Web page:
Consider your email infrastructure as a position which must deflect daily spammer assaults. As a tactical network commander, you must consider 3 fronts:
1. Insuring an email server only focuses its resources on SMTP related transactions. Under the guise of saving money, it’s a mistake to load add-in spam software. Placing this server on the inside of the fire wall greatly improves performance. Although MS Exchange and Lotus Domino software comes with some spam fighting tools, their strong functional purpose is being in the email routing business. So the email server should be configured solely to perform I/O housekeeping processes related to email send and receive. This keeps the end user complaint noise down to a whisper.
2. Convince management that funding must be allocated for a “dedicated” transparent SMTP proxy server. Placed outside the firewall, this creates a buffer zone between spammers and the email server. 3rd party add-in spam software, like GFI MailEssentials, should be loaded on this server. It is dedicated to fighting full frontal incoming spam assaults. It also scans and delivers outgoing mail more efficiently to the Internet.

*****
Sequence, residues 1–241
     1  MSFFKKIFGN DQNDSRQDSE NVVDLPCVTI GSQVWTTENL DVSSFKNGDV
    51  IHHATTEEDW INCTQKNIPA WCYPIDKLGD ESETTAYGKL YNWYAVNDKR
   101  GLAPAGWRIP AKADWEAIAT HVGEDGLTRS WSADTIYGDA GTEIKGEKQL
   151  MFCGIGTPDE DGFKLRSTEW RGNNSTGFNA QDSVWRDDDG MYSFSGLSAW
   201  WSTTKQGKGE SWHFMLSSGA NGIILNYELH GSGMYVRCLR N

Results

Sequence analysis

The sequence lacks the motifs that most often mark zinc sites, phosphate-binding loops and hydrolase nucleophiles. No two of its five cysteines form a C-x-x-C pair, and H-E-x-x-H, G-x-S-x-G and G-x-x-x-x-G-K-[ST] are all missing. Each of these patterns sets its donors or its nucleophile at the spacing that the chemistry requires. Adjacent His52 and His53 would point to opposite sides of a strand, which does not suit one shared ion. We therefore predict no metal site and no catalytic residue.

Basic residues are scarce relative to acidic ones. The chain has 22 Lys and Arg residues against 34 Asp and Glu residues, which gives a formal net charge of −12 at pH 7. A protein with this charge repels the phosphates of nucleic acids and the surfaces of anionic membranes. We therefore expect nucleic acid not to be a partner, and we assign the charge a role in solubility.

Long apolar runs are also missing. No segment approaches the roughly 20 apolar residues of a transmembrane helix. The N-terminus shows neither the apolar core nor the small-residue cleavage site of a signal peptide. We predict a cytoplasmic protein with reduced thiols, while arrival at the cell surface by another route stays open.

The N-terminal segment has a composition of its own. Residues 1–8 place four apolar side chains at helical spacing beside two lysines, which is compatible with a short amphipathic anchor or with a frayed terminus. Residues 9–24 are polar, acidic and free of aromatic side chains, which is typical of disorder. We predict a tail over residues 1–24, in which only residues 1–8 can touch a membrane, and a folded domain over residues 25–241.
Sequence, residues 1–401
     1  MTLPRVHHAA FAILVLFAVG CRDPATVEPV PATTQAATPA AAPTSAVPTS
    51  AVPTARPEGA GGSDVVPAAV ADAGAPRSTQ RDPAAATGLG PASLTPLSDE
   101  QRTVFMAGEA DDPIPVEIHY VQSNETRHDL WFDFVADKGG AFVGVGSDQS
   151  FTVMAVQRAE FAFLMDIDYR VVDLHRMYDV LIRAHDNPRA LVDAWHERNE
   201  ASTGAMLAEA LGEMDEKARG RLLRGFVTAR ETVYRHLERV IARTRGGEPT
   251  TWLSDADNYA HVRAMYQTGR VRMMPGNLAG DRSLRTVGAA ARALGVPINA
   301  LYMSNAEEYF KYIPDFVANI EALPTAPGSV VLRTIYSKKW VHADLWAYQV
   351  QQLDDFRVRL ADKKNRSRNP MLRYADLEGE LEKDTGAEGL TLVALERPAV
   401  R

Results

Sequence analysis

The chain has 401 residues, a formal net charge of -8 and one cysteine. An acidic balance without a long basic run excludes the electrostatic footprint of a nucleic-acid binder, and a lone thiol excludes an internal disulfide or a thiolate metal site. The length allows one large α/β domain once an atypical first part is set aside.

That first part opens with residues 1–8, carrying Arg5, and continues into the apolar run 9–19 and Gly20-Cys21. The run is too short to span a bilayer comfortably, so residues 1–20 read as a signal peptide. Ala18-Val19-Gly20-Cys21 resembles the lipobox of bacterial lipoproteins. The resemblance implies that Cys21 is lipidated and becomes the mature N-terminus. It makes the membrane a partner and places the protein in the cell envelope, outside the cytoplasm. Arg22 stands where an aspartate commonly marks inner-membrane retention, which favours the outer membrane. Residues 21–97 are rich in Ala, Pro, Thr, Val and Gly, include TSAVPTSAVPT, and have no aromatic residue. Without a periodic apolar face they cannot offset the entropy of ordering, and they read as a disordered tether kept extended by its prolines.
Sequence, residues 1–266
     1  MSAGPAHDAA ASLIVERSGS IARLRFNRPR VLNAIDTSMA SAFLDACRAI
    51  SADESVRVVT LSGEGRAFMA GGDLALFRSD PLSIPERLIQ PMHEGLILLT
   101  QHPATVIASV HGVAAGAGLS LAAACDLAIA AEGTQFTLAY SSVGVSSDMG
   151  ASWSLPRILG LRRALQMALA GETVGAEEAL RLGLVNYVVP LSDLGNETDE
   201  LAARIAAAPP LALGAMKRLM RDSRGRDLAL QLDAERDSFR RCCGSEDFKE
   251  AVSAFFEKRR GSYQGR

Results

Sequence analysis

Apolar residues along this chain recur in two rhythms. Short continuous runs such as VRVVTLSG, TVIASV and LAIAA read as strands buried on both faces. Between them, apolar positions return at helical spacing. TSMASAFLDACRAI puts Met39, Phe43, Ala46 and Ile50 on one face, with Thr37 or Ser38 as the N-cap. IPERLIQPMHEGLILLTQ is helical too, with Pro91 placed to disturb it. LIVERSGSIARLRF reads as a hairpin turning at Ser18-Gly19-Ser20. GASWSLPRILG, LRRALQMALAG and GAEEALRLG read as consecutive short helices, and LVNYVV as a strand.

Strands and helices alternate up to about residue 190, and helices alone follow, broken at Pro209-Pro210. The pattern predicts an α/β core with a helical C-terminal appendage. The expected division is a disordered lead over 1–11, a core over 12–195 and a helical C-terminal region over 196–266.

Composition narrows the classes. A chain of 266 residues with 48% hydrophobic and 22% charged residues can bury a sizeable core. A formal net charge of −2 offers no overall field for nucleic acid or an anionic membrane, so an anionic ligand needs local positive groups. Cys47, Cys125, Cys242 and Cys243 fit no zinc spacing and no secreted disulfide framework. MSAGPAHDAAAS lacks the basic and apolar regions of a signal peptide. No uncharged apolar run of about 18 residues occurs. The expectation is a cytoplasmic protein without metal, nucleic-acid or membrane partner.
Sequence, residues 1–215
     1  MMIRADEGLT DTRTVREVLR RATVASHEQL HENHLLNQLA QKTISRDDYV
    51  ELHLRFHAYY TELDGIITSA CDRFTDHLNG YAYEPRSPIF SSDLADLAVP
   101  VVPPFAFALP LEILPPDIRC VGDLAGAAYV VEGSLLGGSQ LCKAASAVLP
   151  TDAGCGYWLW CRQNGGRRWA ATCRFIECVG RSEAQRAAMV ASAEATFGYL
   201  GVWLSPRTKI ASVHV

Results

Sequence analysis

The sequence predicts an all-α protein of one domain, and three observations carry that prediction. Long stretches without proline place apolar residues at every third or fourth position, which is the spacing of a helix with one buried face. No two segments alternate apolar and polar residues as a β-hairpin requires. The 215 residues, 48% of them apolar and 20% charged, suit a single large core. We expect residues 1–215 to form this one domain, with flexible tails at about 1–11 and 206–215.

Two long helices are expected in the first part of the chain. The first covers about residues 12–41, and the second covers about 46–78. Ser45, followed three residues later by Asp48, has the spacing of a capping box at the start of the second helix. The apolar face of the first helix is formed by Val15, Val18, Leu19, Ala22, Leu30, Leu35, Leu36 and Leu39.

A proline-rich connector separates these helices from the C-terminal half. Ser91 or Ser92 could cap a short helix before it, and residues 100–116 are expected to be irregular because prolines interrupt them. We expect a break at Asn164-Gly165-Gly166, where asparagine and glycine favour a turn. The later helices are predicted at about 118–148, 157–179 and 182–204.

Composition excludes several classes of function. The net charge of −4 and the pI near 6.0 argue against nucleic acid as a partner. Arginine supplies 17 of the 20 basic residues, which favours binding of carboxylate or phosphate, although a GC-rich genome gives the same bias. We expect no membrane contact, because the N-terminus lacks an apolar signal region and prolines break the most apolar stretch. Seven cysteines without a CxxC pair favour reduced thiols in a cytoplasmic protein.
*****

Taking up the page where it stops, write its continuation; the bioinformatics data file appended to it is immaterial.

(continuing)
This is easy to sell to your boss, if you help your boss present the benefits to senior management.
- Allows for server resource load balancing
- Provides an insurance policy leveraging dedicated spam fighting software
- Eliminates public visibility of email server to prevent hacking
- Dedicated spam software has more robust updating features that keep up with newest spam tricks
- Lower maintenance costs with 2 servers performing dedicated functions.
3. Educating the email user community. This is the weakest fortification that constantly needs reinforcing. Spammers thrive on a steady diet of ignorance, when people receive spam emails. Consider sending out weekly bulletins about new types of spam emails circulating. Reiterate that old statement about not opening emails from unknown senders.
Let me know, if you need help writing that proposal to senior management for purchasing the proxy server.